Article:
Dear readers, it took us a while, but we were able to secure a meeting with the legendary necromancer Tyir of Irene. We sit in the chambers of the Jaal of Valare himself, where Tyir called a servant over to bring us iced milk sweetened with honey.

He’s here to tell us about the dark and disturbing forces that shaped him to the necromancer he is today.


Tell us a little about where you grew up. What was it like there?

Hah! What was it like there? Do you really want to know? It was a shitehole. Miles upon miles of poverty, rocks and shite fields where nothing could grow. Irene was the wasteland where the refuse of the world was sent to die. No wonder so many people emigrated north. I was very young when my family joined the latest band of refugees.

Did you have any favourite toys as a child? Any cherished memories?

Toys? Do you really think I had toys as a child? It’s as if you think I had a happy childhood. Most days we lived off crushed acorn paste, which tastes like dying shite, my friend. I do recall making a friend with a rabbit, once. That happy relationship lasted for just a day, before my father chopped it up for our rare meal of meat. It wasn’t the worst relationship I’ve ever had.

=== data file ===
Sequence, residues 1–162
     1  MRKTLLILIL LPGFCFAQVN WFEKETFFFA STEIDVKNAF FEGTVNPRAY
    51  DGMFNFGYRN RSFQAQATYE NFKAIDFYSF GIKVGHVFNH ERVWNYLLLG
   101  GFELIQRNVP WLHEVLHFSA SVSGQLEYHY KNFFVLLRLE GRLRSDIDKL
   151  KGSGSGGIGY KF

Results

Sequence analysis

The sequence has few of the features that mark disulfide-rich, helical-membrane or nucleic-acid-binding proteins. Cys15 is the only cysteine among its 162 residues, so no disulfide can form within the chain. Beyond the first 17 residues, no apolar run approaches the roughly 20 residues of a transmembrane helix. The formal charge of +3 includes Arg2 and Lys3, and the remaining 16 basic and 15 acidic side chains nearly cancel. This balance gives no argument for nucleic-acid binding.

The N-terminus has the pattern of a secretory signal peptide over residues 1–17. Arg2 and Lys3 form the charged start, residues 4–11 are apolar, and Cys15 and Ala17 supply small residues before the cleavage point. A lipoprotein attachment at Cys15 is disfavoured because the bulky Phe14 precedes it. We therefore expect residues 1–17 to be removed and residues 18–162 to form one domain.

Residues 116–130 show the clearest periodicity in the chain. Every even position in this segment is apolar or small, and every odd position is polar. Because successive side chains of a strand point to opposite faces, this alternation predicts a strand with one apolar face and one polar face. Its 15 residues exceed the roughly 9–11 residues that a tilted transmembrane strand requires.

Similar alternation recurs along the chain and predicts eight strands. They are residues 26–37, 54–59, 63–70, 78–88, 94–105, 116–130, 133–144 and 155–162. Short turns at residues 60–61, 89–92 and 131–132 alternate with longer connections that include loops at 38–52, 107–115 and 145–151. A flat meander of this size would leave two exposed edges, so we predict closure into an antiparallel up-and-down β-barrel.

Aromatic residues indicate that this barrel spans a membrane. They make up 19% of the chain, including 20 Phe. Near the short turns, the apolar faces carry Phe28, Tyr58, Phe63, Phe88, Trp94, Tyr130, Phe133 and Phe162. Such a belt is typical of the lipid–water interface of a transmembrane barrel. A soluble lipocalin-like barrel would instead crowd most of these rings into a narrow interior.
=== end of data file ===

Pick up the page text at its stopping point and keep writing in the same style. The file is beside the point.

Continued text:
So….what do you do, if it’s not being a good-hearted soul?

Please, I’m pretty well known for my kindness. Just ask the Pharos Order, the Quellion family…the two thousand odd Order soldiers I’ve killed during the Sorn Rebellion…the Redure quisling scum…okay. That was meant to be a joke.

You could say I am a sculptor of man. I like studying, you see. There is so much knowledge trapped in the bowels of the underworld, laws that we cannot understand because the only ones who did understand it were dead centuries ago. If only the Order were so willing to accommodate that, but they have less intelligence stuffed into their one brain cell then Horse does when he’s on a good day. I also enjoy cutting up dead bodies and finding out how they work. I’m known as the Peddler of Flesh. If I did not know how bodies work, I would make an even poorer necromancer then I do already. Continue reading “Tyir (of The Thousand Scars, by Michael R. Baker)”